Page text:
*One (10%) of the ten isolates collected from ill persons was resistant to ceftriaxone, an antibiotic used to treat serious Salmonella infections.

*The two isolates collected from infected bearded dragons were both pansusceptible.

Vibrio cholera in Mexico City

On September 2 and 6, 2013, Mexico’s National System of Epidemiological Surveillance identified two cases of cholera in Mexico City. Rectal swab cultures from both patients were confirmed as toxigenic Vibrio cholerae serogroup O1, serotype Ogawa, biotype El Tor. Pulsed-field gel electrophoresis and virulence gene amplification (ctxA, ctxB, zot, and ace) demonstrated that the strains were identical to vibrio.choleraone another but different from strains circulating in Mexico previously. The strains were indistinguishable from the strain that has caused outbreaks in Haiti, the Dominican Republic, and Cuba (1,2). The strain was susceptible to doxycycline, had intermediate susceptibility to ampicillin and chloramphenicol, was less than fully susceptible to ciprofloxacin, and was resistant to furazolidone and trimethoprim-sulfamethoxazole. An investigation failed to identify a common source of infection, additional cases, or any epidemiologic link between the cases. Both patients were treated with a single, 300-mg dose of doxycycline, and their symptoms resolved.

On September 12 and 13, four cases of cholera were identified by the Hidalgo Public Health Laboratory among residents of La Huasteca region, located approximately 75 miles (121 km) east of Mexico City and inhabited mainly by Otomi and Nahuatl speakers. During September 19–December 15, 2013, a total of 175 cases of cholera were confirmed in La Huasteca (159 in Hidalgo, 14 in Veracruz, and two in San Luis Potosí). Cases were defined according to World Health Organization (WHO) guidelines (3). A case of cholera was suspected if, in an area where the disease is not known to be present, a patient aged ≥5 years developed severe dehydration or died from acute watery diarrhea (3). All cases were laboratory-confirmed at the Instituto de Diagnóstico y Referencia Epidemiológicos as toxigenic V. cholerae, serogroup O1, serotype Ogawa, biotype El Tor, identical to the Mexico City isolates and indistinguishable from the strain circulating in the Caribbean. All of the cases have been reported to WHO by Mexico’s International Health Regulations Focal Point (4).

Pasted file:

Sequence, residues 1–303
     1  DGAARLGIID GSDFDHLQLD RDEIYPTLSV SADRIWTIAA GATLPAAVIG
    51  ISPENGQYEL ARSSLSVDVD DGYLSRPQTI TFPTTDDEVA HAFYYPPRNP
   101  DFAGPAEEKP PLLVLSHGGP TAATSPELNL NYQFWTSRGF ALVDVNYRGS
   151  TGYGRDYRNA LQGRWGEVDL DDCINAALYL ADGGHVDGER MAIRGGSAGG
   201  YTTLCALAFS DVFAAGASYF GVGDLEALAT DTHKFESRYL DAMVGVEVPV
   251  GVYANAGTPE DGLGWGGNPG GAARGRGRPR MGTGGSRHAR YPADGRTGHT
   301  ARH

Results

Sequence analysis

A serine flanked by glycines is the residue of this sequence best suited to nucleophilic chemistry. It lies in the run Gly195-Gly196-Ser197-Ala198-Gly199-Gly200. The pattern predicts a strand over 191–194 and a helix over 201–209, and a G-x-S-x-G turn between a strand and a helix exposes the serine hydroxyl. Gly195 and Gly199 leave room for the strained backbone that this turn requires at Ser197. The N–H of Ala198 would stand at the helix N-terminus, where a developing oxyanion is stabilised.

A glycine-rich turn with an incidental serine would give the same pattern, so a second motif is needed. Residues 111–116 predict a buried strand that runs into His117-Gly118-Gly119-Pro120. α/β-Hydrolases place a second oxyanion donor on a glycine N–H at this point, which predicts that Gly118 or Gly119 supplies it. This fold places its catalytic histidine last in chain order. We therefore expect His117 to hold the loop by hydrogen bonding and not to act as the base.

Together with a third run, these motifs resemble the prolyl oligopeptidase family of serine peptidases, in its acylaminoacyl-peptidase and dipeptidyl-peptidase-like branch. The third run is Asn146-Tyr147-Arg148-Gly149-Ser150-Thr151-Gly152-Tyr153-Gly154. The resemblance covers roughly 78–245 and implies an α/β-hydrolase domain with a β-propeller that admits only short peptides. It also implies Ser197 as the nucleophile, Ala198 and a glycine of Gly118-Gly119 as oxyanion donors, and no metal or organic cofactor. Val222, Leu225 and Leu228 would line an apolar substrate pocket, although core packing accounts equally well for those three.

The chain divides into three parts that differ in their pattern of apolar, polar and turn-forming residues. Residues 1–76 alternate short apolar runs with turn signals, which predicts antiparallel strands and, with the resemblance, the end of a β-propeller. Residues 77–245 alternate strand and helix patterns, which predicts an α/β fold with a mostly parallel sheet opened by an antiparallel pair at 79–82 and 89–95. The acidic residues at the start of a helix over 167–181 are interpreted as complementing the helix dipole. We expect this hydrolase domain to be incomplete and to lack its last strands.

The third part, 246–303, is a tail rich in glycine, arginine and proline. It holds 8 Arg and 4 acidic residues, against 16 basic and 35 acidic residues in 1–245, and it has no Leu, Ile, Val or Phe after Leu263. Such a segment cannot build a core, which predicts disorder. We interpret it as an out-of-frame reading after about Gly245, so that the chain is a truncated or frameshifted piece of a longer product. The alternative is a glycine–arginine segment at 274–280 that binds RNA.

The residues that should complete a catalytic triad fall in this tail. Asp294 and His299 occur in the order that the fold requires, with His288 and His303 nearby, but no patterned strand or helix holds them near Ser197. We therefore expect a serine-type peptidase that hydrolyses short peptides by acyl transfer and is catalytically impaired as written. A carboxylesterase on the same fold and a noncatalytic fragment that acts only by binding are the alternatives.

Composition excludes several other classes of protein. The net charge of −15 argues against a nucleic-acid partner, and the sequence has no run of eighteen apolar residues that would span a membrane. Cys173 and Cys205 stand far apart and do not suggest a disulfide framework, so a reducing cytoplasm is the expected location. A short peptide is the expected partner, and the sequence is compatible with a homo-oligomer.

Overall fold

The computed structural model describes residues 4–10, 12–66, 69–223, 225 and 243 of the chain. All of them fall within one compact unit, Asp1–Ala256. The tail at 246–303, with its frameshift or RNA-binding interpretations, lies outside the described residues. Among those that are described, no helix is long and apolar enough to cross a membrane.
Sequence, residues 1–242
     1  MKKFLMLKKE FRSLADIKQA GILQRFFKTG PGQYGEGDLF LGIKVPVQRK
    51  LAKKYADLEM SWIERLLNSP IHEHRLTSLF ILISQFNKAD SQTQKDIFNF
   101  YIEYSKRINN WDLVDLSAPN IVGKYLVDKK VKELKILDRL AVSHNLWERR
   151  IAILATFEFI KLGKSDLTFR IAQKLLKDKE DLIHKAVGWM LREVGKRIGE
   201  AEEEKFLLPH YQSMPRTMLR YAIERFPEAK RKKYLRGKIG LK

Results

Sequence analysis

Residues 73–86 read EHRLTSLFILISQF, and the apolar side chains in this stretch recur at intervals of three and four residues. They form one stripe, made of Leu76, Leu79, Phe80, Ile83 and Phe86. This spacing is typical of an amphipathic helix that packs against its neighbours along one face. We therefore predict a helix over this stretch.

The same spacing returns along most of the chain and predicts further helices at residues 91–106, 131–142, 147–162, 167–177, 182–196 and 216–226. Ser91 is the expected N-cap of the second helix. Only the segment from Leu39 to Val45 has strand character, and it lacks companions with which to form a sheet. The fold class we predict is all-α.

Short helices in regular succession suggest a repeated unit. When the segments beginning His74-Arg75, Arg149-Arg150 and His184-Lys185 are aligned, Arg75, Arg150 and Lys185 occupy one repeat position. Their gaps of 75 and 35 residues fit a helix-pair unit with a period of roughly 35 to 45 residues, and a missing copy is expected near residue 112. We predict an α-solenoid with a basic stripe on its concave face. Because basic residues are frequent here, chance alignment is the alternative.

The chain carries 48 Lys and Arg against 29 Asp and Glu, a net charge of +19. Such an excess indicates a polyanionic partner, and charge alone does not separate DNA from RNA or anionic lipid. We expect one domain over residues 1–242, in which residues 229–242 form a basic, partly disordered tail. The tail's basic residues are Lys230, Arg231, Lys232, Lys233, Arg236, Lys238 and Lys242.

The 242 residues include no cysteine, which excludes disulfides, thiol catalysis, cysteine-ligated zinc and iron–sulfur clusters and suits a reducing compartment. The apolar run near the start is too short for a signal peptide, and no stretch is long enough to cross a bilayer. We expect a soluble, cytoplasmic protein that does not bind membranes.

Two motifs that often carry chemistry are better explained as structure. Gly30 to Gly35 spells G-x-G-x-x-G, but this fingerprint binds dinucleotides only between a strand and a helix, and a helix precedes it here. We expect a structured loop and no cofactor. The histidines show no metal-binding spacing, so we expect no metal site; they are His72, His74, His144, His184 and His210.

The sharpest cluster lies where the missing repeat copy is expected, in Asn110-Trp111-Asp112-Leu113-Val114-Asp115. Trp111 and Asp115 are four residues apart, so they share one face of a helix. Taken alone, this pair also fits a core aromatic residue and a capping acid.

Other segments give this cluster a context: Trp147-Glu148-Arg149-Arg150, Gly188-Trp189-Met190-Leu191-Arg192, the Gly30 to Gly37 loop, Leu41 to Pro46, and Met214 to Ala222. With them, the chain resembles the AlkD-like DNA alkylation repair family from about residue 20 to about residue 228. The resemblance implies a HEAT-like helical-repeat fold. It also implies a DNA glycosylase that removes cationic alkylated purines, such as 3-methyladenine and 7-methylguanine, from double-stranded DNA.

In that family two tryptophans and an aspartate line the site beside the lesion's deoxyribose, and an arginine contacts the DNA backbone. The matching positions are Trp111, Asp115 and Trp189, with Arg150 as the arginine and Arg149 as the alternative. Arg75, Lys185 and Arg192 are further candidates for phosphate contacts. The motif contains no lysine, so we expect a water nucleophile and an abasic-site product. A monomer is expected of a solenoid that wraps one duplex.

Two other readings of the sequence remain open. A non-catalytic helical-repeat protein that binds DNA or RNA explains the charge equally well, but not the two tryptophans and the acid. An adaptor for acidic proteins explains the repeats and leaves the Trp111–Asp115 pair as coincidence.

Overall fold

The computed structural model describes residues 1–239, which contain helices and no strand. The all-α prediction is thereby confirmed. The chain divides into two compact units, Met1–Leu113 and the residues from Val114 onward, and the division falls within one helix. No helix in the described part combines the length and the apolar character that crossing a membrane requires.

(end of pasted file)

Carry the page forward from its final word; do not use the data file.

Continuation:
Among the 175 cases, 86 (49%) were in females, and the median age of patients was 32 years (range = 3 months–83 years). Only 40 (23%) patients required hospitalization, with an average hospital stay of 36 hours. All patients had acute and watery diarrhea, and 46 (26%) passed “rice-water” stool; 63 (36%) had fewer than five bowel movements per 24 hours, 86 (49%) had vomiting, and 30 (17%) had cramps. Some degree of dehydration was noted in 75 (43%) patients; 37 (21%) suffered mild dehydration (<5% loss of body weight), 32 (18%) moderate dehydration (6%–9% loss), and five (3%) severe dehydration (≥10% loss). One patient died, a woman aged 67 years with a history of diabetes and chronic renal failure. The spectrum of disease seen in this outbreak differed from that of outbreaks in the Caribbean; the proportion of infected persons, incidence of dehydration, mortality rate, and numbers of hospitalizations and complications were smaller in La Huasteca than in the Caribbean (5).